The strategic position on the narrow rock cliffs over the ford of the Vltava river has been an attractive place for settlement since time immemorial. It was an important guard point on the old trade route leading from the Alpine region and Podunají to the heart of Bohemia that used the valley of the Vltava river as early as the Bronze Age.
The beginnings of prehistoric settlement of the castle hill in Český Krumlov can be at present followed only by archaeological explorations. The archaeological discoveries of period artifacts representing an advanced material culture of the local inhabitants produce reliable evidence for the beginnings of the settlement dating at the turn of the early and middle Bronze Age. A small collection of pottery is evidence of the presumable existence of an elevated settlement, possibly even a castle site, on the site of the IInd courtyard, which dates back to the early Bronze Age (about 1500 B.C.). Analogous places settled at the same time in the near vicinity are known from Vyšné, Boletice and Mříč - (see Castle Dívčí Kámen). The existence of the settlement in the late Hallstatt Age - about 500 B.C. - is supported by other potsherds. Elevated settlements or castle sites are also rather common at that time.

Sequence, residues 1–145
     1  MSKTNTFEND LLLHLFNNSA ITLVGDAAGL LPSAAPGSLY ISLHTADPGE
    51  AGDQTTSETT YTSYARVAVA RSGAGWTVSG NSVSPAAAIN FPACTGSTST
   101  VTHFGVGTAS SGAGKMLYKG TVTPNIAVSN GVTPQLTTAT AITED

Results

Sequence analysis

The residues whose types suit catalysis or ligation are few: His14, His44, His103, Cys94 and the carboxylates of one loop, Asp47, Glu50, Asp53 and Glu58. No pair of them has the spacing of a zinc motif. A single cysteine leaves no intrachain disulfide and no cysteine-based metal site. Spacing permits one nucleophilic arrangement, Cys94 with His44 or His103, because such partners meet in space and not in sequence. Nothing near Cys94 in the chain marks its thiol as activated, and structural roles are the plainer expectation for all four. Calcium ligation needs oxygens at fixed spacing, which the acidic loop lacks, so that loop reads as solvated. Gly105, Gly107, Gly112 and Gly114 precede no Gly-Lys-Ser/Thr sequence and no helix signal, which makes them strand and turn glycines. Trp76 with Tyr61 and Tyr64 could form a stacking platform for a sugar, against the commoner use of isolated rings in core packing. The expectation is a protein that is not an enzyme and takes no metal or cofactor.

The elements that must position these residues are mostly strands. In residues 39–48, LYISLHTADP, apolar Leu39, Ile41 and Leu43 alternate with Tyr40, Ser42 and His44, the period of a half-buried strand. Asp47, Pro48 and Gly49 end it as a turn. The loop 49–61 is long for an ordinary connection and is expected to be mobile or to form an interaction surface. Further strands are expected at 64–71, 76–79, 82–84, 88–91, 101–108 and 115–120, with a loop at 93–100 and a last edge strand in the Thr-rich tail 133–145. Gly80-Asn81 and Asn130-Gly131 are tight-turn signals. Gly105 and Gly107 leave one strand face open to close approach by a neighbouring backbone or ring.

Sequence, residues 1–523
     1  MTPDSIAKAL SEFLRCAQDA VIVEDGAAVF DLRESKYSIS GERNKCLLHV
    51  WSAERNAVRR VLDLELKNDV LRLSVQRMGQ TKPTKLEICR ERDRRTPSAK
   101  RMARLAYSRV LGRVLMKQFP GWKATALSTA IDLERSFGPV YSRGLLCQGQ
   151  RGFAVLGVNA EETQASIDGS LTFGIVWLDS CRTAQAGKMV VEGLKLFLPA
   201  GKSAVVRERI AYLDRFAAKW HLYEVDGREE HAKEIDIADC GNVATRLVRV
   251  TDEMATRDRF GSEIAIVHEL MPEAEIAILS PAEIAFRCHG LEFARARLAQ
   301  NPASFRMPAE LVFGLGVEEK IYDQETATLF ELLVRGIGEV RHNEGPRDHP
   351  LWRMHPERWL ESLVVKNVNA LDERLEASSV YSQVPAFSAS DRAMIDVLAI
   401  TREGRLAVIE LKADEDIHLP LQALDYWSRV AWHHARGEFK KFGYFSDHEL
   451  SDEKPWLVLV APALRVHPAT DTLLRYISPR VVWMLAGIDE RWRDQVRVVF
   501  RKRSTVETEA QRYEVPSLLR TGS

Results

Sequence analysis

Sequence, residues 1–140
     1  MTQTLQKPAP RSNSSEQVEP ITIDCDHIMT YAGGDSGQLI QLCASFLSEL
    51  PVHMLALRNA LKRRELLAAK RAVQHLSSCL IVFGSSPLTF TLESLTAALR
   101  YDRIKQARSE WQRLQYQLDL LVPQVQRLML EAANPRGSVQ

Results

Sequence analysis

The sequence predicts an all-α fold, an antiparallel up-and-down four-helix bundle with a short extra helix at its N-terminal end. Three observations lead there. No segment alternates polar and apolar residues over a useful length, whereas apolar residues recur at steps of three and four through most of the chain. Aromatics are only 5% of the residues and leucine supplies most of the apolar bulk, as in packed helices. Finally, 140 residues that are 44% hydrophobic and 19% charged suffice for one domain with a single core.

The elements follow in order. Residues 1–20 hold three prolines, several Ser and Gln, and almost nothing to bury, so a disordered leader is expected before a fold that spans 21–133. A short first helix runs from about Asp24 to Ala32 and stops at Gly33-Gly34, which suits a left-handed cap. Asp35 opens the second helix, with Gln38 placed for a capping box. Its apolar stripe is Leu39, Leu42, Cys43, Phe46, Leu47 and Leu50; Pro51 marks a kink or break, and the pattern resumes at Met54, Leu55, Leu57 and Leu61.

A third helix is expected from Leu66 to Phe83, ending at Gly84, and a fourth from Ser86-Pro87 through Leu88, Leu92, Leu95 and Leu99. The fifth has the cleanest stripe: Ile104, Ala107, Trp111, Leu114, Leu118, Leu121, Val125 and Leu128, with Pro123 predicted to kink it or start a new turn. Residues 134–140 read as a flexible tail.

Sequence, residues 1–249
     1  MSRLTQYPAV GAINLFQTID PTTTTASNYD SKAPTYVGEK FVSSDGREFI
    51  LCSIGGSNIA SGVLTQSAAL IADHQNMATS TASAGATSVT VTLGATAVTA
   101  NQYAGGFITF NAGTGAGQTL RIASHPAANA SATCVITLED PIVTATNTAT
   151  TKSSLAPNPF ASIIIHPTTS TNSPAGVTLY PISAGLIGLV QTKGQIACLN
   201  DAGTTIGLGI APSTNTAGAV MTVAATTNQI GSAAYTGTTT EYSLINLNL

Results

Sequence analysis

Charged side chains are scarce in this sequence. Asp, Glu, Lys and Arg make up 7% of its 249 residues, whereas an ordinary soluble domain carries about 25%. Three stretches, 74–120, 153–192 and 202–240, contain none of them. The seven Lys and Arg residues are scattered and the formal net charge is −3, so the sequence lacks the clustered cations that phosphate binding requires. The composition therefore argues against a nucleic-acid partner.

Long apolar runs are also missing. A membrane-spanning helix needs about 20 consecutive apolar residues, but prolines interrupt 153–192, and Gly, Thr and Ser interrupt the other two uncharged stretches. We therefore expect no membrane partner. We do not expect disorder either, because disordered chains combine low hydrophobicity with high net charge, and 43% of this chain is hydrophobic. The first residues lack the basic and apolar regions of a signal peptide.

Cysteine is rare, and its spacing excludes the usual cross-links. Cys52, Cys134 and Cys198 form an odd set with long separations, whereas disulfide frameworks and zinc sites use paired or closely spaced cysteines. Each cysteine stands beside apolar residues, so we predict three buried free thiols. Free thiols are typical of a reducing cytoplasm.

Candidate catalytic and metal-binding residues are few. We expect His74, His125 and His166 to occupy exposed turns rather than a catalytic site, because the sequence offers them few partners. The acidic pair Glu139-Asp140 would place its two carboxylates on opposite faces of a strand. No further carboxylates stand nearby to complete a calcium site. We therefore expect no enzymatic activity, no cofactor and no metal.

Also interesting is the occurrence of ceramic objects from the late La Tene Age about 150 years B.C., which, however, do not originate from direct archaeological exploration but only from collection and lack an exact location. Even in this case, it was probably proof of an elevated castle site.
The oldest artifact found on the castle hill is a unique neolithic polished-stone axe/hatchet dated back to about 4000 B.C. which was discovered by accident during the Second World War. Although archaeological research did not produce any evidence of a settlement at the time, the authenticity of the discovery is supported by the detection of a civilization which used simply decorated pottery, which was found in the brewery garden at Latrán. Prehistoric Settlement of the Castle Hill in Český Krumlov was subject to archaeological research in the 1990\'s.